Cozumel Underwater Photo Instruction. Reader Pec Indman (San Jose, CA) hooked up with the Liquid Motion Academy, a school of photography, film and underwater imaging on Cozumel Island. She says, “I think Undercurrent readers would love to know about them. Learning from award-winning cinematographers Anita and Guy Chaumette was a fantastic experience. I spent two wonderful days improving my skills. I have been taking underwater photos for years but had upgraded to a new, bigger camera. I loved the way Liquid Motion has learning modules, and that dives are one-on-one to best support learning. Anita and Guy were easily able to accommodate my schedule, and clarify what I was interested in and the skills that I wanted to work on. The night before my dive, Guy came to my hotel room to discuss the plan and the lesson on his iPad. The next day the dive boat picked me up, and Guy and I dove together, without having to worry about other divers. During the surface interval, we reviewed my photos and discussed the plan for the second dive. Guy is enthusiastic and a wealth of information -- he made me an eBook about the learning module (this time on underwater lighting), so I worked on that and included some of my photographs with comments. Anita and Guy offered my friends and me the opportunity to observe turtle hatching on the island, as they have been working on a documentary film about turtle conservation called City Under The Sea, which premiered in Washington DC -- see the trailer at www.liquidmotionfilm.com/ CityUnderTheSea%20Trailer.htm (www.liquidmotionacademy.com)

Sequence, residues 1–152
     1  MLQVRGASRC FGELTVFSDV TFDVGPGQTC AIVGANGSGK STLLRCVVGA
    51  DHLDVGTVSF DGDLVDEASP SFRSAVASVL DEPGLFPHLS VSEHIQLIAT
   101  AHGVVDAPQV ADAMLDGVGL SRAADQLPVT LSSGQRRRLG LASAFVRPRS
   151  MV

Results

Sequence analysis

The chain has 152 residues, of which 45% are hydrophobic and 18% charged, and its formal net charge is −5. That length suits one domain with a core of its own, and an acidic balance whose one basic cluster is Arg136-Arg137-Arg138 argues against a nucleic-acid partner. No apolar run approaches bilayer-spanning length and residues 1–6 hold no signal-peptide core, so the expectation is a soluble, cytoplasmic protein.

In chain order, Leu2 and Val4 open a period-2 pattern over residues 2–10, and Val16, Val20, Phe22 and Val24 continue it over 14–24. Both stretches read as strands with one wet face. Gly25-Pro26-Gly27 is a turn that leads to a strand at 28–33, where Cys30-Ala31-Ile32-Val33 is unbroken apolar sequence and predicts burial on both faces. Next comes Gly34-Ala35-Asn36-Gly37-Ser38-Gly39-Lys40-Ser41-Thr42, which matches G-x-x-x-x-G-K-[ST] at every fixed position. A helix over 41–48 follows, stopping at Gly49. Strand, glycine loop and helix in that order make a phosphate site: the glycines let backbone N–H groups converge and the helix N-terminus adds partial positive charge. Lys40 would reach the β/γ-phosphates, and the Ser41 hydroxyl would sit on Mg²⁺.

An Underwater Photo Class in Bali. Andrew Bernat (Arlington, VA) took his course with Underwater Tribe in Tulamben in November. He says, “What makes this workshop unique is that it is one-on-one and very instruction-oriented. There was an hour of explanation and presentation on some aspect of underwater photography, then we geared up and walked in. Luca would ask me to photograph a particular feature, look at my photograph, make suggestions about something I might consider, and then we’d iterate until he was satisfied. Communication was via a slate. The workshop focus was on composition, lighting, aperture and shutter speed primarily for wide angle. My equipment was not ideal for this, as strobe arms are not long. Nor was my experience, which has been almost entirely macro. But that’s why it was really useful for improving my skills.” (www.underwatertribe.com)